At a time when spectacle is the trend in musicals on Broadway, the appeal of something merely charming may not be strong. There was a time, however, when charm counted, and there was no "merely" about it.
During that '20s-'40s era -- and into the '50s and even the '60s with She Loves Me -- there were fewer tuners more utterly charming than Where's Charley?, the Frank Loesser-George Abbott diversion that opened in 1948 with nimble, long-legged Ray "Scarecrow" Bolger in the title role and reminding audiences how mesmerizing he'd been a dozen years earlier tapping furiously in George Balanchine's "Slaughter on 10th Avenue" ballet from On Your Toes.
Just about every ounce of that surpassing Where's Charley? charm radiates in the Encores! series revival. It's on this weekend at City Center as directed with feathery fingers by John Doyle, musical directed by Rob Berman with an equally weightless baton and choreographed by Alex Sanchez with more backward glances to Agnes de Mille than to Balanchine, who originally created the enterprise's dances.
One of those winning turns is, of course, the irresistible routine Bolger did after singing Loesser's catchy "Once in Love With Amy." The inspired sequence is probably recalled by those who saw the show then as the most successful audience sing-along ever promoted on the Great White Way.
Perhaps necessary to explain in 2011, Where's Charley? is adapted from Brandon Thomas's click comedy Charley's Aunt, which bowed on the London stage in 1892. It follows the title character (Rob McClure here) through several hours of a bright spring day during which he has to impersonate his delayed aunt (Rebecca Luker, when the character eventually arrives) in order to provide the required chaperone for that beloved Amy (Lauren Worsham) and her friend Kitty (Jill Paice), who's being sparked by his school pal Jack (Sebastian Arcelus).
During the raucous action, Charley in garish aunt get-up (amusing garb Ann Hould-Ward found) is wooed by Amy's overbearing guardian Stephen Spettigue (Dakin Matthews) as well as briefly by Frank's likable dad Sir Francis Chesney (Howard McGillin). Throughout, the embarrassing things that usually occur in farce occur, until all comes right, as students on the grounds where the play unfolds congregate for chorus numbers.
It may be the lemon-soufflé period-piece that is Where's Charley? takes a certain amount of getting used to now, because even 60-plus years ago, it was deliberately old-fashioned, even something of an operetta. While Abbott took care in his usual master's manner to keep it moving apace, Loesser scrupulously aimed for 1890s flavor in his score. The words-and-music man, it should be remembered, was not only a stickler about context for his ditties. He was also one of Broadway's most experimental writers when it came to form, and every experiment on this occasion pays off like a stuck one-armed bandit. (Compare this score with the dapper, demotic material he supplied Guys and Dolls only two years later and revel in the broad spectrum of Loesser's genius.)
As a result, nostalgic tune follows nostalgic tune with gratifying regularity throughout Where's Charley?. And, don't you know that back in the day when Broadway songs were often the songs on the Hit Parade, several of these instantly became national treasures -- among them, Sarah Vaughan's emotional "My Darling, My Darling." Notably in this production "The New Ashmolean Marching Society and Students' Conservatory Band" is presented without the singers toting instruments, despite director Doyle's becoming known stateside for having actors in his idiosyncratic re-dos of Sweeney Todd and Company carry instruments they actually play.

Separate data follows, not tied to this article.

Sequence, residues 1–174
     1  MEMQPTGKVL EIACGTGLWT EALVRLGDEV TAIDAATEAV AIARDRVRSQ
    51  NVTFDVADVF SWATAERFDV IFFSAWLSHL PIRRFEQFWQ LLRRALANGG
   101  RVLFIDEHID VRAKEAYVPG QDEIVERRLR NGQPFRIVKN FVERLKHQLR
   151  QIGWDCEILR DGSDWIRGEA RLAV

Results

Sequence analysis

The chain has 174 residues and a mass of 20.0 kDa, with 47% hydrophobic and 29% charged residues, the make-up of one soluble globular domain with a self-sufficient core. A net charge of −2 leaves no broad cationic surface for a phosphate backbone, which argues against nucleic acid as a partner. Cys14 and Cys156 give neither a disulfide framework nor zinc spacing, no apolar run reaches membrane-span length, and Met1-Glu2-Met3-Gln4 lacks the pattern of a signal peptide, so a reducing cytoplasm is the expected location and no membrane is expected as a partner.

Supposedly, the Encores! series consists of staged readings, and to the extent that the players carry black binders and flip pages in them occasionally, it is that. But performers worth their salt and sass -- everyone here is, particularly in the vocal department -- only pay figurative lip-service to the Equity rule. The true lip-serve is given over to offering all-stops-out performances, something center-of-attention McClure does to his utmost, which is pretty "ut" indeed. The fellow -- switching often within seconds into and out of Aunt Lucy's sort-of-Brazilian outfit -- sings, dances, jokes, mugs and romances with the kind of verve that should propel him from recognizable player to hurrahed musical leading-man, if only the right subsequent part comes along.
Arcelus, who spent the recent Christmas season as the elf in Elf the Musical -- and, curiously enough, gave the impression of mixing Ray Bolger's gifts with Danny Kaye's -- switches to suave here without in the least stripping gears. And he sure is handsome. Worsham and Paice are, respectively, petite and lovely and long and lovely. Plus they're both soubrette-spirited. Luker and McGillin -- taking on middle-aged roles with lively dignity -- add star wattage to Loesser's enchanting "Lovelier Than Ever." Matthews gets mileage out of charging what seems miles after the elusive ersatz Charley's aunt, and Jeff Brooks does well as Jack's saturnine butler.
No argument can be made that Where's Charley? -- which doesn't seem to have been tweaked for this dusting-off -- is one of the indisputably great Broadway musicals, but it remains unfailingly entertaining. Moreover, compared to today's approach to the genre -- when the songs' high quality can be a tertiary concern -- it comes across as little short of a masterpiece. To paraphrase its best-known song, once in love with Charley?, always in love with Charley?.
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